Yet, having said this, there's one thing to do:
there will be some additional writing for you.
Two to three pages should do the trick
and show me your devotion is more than just schtik.
An interpretation of a poem, that should be done
till the beginning of February - how 'bout this one?

All best,
L. Peter
 And, finally, here is the assignment D handed in:

Poem Analysis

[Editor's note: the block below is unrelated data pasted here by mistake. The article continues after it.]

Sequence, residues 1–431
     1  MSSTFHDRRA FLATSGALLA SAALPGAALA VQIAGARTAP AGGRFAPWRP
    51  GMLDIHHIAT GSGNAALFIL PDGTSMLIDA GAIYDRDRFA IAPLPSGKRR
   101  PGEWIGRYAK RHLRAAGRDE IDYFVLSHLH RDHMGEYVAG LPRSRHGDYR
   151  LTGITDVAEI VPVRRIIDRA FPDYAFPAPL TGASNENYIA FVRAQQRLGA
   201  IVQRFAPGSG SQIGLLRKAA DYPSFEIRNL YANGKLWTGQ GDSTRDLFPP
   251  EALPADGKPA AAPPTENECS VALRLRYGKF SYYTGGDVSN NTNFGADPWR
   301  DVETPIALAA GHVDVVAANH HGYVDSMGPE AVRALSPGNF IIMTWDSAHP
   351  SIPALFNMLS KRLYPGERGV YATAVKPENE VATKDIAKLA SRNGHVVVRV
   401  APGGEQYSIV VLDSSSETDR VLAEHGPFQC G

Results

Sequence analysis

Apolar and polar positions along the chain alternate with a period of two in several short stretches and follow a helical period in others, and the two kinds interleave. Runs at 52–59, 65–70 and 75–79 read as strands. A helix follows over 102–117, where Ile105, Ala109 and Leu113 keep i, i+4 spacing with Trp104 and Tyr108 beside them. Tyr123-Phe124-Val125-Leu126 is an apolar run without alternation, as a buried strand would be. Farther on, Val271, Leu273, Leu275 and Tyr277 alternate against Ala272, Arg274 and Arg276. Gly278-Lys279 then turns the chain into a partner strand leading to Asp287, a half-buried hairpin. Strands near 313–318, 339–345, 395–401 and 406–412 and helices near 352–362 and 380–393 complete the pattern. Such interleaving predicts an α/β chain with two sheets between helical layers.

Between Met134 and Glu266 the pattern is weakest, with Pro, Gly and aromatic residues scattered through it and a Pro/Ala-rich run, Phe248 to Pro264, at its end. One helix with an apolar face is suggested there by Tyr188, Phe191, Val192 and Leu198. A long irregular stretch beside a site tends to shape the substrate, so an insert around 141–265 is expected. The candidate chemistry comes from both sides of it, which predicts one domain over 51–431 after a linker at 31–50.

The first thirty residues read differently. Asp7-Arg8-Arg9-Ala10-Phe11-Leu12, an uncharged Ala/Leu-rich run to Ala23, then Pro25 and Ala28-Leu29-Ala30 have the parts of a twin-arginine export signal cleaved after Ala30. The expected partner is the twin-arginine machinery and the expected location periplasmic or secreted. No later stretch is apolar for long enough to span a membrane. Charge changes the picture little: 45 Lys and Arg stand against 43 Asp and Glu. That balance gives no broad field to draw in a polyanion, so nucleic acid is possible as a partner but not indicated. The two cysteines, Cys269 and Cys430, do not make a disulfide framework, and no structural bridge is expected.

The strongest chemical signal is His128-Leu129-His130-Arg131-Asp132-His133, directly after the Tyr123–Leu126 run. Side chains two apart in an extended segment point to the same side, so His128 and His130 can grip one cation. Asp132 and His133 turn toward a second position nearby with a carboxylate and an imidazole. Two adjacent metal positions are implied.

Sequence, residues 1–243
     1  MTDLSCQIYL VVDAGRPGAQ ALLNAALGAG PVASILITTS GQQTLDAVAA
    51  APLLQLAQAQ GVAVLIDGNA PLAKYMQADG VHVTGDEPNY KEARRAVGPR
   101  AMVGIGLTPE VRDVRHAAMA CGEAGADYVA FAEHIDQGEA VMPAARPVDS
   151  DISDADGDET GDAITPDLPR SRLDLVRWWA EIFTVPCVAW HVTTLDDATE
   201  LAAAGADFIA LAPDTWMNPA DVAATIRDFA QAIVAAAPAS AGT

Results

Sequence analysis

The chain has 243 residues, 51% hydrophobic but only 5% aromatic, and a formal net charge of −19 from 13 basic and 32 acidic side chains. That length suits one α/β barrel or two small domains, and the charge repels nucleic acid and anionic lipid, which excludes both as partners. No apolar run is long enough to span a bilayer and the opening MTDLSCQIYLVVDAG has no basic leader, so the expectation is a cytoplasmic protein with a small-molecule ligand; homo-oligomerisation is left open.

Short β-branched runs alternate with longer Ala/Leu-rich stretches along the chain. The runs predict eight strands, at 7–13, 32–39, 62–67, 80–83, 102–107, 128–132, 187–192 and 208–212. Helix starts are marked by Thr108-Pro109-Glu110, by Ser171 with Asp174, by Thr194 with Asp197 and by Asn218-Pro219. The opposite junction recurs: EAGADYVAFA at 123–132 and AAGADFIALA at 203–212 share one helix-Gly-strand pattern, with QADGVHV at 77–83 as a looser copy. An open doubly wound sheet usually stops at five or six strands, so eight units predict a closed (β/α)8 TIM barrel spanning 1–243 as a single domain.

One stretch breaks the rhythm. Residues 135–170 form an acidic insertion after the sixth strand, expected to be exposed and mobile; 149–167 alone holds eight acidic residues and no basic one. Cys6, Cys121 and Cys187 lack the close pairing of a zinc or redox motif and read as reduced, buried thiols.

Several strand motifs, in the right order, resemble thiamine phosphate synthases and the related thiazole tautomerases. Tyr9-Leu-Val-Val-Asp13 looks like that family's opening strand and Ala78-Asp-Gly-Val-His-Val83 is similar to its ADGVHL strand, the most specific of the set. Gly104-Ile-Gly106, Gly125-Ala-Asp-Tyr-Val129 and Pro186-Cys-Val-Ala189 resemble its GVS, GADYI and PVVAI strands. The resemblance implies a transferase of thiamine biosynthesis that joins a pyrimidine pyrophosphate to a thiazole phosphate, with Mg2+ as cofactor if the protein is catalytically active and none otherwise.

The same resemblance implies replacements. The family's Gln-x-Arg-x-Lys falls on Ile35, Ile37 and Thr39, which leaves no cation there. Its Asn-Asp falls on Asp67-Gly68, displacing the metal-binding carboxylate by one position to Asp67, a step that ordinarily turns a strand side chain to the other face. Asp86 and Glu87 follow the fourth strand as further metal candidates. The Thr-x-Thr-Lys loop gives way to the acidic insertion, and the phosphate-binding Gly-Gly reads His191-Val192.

When in the course of human events, it becomes necessary for one person to miss a session of a seminar at university, and if this person be forced to miss another, and if the Laws of Murphy compel them to miss yet another, a decent respect to the opinions of academics requires that they should declare the causes which impel them to the absence, and declare them good elsewise they be expelled from said seminar, and rightly so. Thomas Jefferson did not write these lines in 1776. But that does not mean they are not true. As a student of the English Seminar, you are allowed to miss two sessions per class per semester. It just so happened that DM failed to show up three times during the winter term of 2012/13. In his desperation, he turned to his lecturer, Lisa Peter: he wrote a poem he called Terror Dactylus1, in which he begged for another chance. She replied in an untitled sonnet, commenting on her student's poem and, at the same time, giving him an extra assignment to redeem himself and make up for the lost time. The following paragraphs will examine her poem in detail and analyse and interprete its features.